Know-how can be quickly hired, but it can’t be quickly transferred from one person to another. It certainly can’t be confiscated or extracted, like teeth, from the brains that possess it. Know-how can, however, be got rid of or fired.
This happened in Venezuela in 2003, when President Hugo Chávez fired people who had collectively accumulated 300,000 years of experience from the oil industry. The result? The industry’s output halved and the national oil company is drowning in debt. The know-how in the cement industry was also decimated and as a result, it now produces a fifth of what it did before it was nationalised.
Venezuela’s GDP declined by 4% in 2014, 10% in 2015 and 19% in 2016; inflation is expected to hit 2,200% in 2017; the currency fell 92% and 75% of people lost at least 8kg because of food shortages.
Know-how can be scared off and can also be prevented from entering a country if its immigration policies are restrictive. Both are happening in SA. In the 1970s, when SA had a net gain of people moving here from industrialised countries compared to those who were emigrating to industrialised countries, it was an importer of know-how.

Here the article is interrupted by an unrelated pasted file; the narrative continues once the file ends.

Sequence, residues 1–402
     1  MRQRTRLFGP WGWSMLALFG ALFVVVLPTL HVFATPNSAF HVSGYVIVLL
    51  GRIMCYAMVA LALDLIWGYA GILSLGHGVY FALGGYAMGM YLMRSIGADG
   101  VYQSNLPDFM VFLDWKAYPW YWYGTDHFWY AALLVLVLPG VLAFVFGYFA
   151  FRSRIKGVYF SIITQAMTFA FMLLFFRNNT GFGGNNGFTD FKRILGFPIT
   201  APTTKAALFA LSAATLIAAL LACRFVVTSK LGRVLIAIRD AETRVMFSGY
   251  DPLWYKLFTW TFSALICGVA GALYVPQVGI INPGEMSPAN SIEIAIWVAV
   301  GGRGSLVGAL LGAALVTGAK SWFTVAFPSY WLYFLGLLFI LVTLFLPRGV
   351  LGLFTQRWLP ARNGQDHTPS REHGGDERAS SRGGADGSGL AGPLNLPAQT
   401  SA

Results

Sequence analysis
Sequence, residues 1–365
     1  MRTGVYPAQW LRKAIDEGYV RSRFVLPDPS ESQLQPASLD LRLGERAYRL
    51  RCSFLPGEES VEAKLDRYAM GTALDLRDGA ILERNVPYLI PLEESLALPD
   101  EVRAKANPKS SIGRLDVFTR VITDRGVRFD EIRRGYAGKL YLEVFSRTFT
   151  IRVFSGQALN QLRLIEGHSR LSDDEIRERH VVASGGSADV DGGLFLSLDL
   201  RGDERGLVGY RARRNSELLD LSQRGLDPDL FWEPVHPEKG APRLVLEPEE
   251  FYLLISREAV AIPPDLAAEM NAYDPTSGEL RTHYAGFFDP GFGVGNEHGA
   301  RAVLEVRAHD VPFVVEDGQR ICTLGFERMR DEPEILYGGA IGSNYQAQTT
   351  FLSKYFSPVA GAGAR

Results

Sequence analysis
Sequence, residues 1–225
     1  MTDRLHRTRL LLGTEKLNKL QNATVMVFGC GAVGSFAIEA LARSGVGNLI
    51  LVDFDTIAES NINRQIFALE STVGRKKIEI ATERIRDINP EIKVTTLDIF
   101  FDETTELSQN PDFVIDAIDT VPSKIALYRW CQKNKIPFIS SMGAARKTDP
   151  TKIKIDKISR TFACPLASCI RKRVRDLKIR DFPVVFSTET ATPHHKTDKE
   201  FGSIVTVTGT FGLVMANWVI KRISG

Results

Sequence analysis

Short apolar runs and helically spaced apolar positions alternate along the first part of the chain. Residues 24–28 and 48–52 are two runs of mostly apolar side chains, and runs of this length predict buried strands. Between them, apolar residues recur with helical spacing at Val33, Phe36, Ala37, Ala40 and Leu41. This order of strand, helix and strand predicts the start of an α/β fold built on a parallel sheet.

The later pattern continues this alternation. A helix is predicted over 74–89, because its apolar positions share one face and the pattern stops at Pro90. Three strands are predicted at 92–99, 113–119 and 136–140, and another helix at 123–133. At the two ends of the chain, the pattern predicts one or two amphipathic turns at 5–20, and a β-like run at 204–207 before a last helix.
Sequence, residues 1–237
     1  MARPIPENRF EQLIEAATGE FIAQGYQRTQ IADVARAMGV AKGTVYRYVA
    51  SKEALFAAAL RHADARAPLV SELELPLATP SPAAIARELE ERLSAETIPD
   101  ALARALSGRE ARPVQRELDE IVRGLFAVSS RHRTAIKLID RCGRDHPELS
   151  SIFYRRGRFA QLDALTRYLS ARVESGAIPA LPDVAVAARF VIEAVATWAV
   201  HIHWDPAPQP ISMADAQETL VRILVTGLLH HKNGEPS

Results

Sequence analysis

This has now become a net loss, with more skilled South Africans moving to industrialised countries than those coming to this country. SA is now a net exporter of know-how. Firing people is how companies lose know-how; emigration is how countries lose it.
SA risks following countries such as Zimbabwe, Venezuela and Algeria, where post-independence or revolutionary governments inherited a stock of know-how in the brains of people the new leaders may not have liked.
“Radical transformation” may lead to the loss of know-how vital to the development of SA, through emigration and exclusion.
Ultimately, the question is whether SA, like Zimbabwe, sees itself as a black African nation with a few unfortunate impurities, or as the “rainbow nation” promoted by Nelson Mandela — a country that is stronger because it builds on its existing know-how for the whole country and celebrates its diversity.